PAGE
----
Nicotine Dreams

I … am a smoker. Or was, given the patterns of late. It’s been a few years since I began my long divorce with cigarettes.

Regardless, I’ll always be an active addict. It’s a crutch, and one of the first things that come to mind in the moments between fall and rise. There isn’t a time when I feel heavy-chested, and am consumed by the thought of inhaling something heavier.

There have been a few times in the past years that the urge overtook my ability to internally deny it. The most recent of them, is what spurred on the desire to write this thought stream down.

I was angry. Fell into a well, and felt unwell. Sadness was strangling my intentions. I stormed out. Or left gracefully. I’d put money on the former. My chest hurt. It was difficult to breathe. My skin felt warm. To which the breeze lost it’s battle against. Cool though, it was. The sun had gone, which saved the pinch between my eyes from growing, though the streetlights and neon didn’t help.

I was nervous. Rushing almost. Gliding. There were butterflies in my stomach. Why? I am well versed with the taste of tobacco. Have I been off it so long, that my body’s craving becomes nostalgia?

Every moment of it felt bad. Like a lucid dream of exponential self-hate. At each simple road crossing along the path I had an argumentative, but brief, conversation with myself. None of which successfully allowed my body the right motivation to just stop plucking that match from his platform of friends, striking him on the back of the flap, and sucking him in through years of regressed adoration in the form of a paper-tube filled with tobacco, and god knows what else.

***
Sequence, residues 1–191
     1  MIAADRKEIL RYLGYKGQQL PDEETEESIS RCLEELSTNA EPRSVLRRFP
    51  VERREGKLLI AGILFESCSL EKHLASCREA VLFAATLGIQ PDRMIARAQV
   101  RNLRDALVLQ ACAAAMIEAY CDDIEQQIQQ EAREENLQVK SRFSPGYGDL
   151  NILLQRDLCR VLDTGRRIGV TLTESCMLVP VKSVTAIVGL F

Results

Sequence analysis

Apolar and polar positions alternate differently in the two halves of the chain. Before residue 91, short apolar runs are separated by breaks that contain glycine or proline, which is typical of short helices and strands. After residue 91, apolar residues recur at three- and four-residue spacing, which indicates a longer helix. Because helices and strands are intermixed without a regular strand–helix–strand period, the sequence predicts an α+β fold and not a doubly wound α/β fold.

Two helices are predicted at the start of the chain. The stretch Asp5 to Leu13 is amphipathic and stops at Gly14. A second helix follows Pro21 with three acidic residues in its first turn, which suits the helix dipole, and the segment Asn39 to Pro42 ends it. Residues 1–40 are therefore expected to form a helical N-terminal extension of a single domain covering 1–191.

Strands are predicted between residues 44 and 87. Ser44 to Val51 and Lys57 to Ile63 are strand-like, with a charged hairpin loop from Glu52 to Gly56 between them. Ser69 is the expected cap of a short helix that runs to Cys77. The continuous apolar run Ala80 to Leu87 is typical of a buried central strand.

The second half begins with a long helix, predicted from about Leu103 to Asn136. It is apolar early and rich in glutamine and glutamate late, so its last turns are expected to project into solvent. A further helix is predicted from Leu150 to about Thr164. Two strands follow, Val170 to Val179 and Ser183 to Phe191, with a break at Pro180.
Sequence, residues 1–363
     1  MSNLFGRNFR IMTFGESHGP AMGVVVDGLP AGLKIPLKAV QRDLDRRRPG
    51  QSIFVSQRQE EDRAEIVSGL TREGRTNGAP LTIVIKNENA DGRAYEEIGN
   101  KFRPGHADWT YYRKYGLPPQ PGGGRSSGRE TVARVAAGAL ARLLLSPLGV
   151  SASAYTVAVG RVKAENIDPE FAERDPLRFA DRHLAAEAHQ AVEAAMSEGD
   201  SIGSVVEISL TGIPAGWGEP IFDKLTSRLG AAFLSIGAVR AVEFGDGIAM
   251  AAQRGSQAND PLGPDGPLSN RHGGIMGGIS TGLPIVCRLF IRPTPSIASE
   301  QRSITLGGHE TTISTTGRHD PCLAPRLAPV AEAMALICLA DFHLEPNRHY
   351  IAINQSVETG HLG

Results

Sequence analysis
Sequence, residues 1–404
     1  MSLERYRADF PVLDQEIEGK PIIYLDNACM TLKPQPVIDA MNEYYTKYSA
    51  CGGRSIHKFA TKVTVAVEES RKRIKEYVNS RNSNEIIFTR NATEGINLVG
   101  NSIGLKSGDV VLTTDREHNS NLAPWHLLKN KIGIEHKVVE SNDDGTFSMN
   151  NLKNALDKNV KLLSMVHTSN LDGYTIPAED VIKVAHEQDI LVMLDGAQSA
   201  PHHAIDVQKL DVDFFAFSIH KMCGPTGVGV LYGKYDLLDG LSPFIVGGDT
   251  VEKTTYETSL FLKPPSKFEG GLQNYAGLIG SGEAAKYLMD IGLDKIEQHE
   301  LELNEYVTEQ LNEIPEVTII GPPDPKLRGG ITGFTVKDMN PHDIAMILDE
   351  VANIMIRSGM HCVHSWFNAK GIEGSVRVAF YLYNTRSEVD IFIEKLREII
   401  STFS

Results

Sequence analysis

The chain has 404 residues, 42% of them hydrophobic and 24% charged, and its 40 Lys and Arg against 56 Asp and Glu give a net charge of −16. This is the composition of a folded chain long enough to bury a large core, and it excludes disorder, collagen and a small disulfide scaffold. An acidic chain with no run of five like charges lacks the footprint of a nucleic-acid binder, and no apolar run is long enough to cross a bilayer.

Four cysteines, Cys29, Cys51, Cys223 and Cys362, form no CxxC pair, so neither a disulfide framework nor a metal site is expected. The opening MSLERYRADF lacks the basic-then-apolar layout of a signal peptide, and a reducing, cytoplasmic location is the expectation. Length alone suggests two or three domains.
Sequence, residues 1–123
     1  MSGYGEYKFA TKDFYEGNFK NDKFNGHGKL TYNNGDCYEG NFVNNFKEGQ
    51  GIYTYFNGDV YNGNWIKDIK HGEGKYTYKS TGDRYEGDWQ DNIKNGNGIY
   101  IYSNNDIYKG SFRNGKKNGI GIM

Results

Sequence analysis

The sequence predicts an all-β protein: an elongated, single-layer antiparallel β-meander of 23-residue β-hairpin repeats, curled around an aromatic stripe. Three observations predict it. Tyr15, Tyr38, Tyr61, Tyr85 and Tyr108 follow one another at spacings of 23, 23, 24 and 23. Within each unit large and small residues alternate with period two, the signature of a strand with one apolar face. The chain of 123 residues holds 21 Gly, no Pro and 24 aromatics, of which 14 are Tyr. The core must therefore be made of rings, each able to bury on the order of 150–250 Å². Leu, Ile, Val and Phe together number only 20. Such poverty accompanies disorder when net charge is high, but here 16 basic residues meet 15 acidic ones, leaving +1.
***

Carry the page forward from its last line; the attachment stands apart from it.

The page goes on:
Look back, I feel the nausea was deserved. Why did I relapse? Why can’t I be one who breaks the stigma of lifelong smoking habits? Am I so empty in the assurances I need to feel like I’m capable of coming down from an escalated experience on my own?

One thing that can’t be explained to those who’ve never smoked is the elation. The way your body feels as you exhale. At this point in my life, having not smoked a real cigarette in over a year, it’s no longer a dire need for the nicotine. That’s just a dream my blood wakes from in a chilled moist coating. It’s the mentality. A savior. My savior. If I can just have one, I’ll feel better. My hands cease shaking, my lungs feel heavy again, my muscles relax.

Simply the memory of how good it felt compelled me to weaken the strength I’ve grown. In the weeks since this incident, it’s happened more.

So I cry at thoughts two-fold. Have I undone any progress I made riding my cycle of these safety harnesses that harmed more than healed? Am I more fragile, or weaker in spirit than I believed I was for the moments I could passionately say I was rid of it?

Maybe burying this part of me is symphonic in sound, or profound in the death of a desire, but I struggle with the realization that a comfort can be a killer, or that leaving it behind might cause me to feel less stable.

Oh savior, save me.

Originally published at on April 10, 2016.

WYATT FOSSETT is a Writer residing in Vancouver, Canada. Known for high-octain cocktails of real life expression, fanciful works of fiction, and a history in Journalism.

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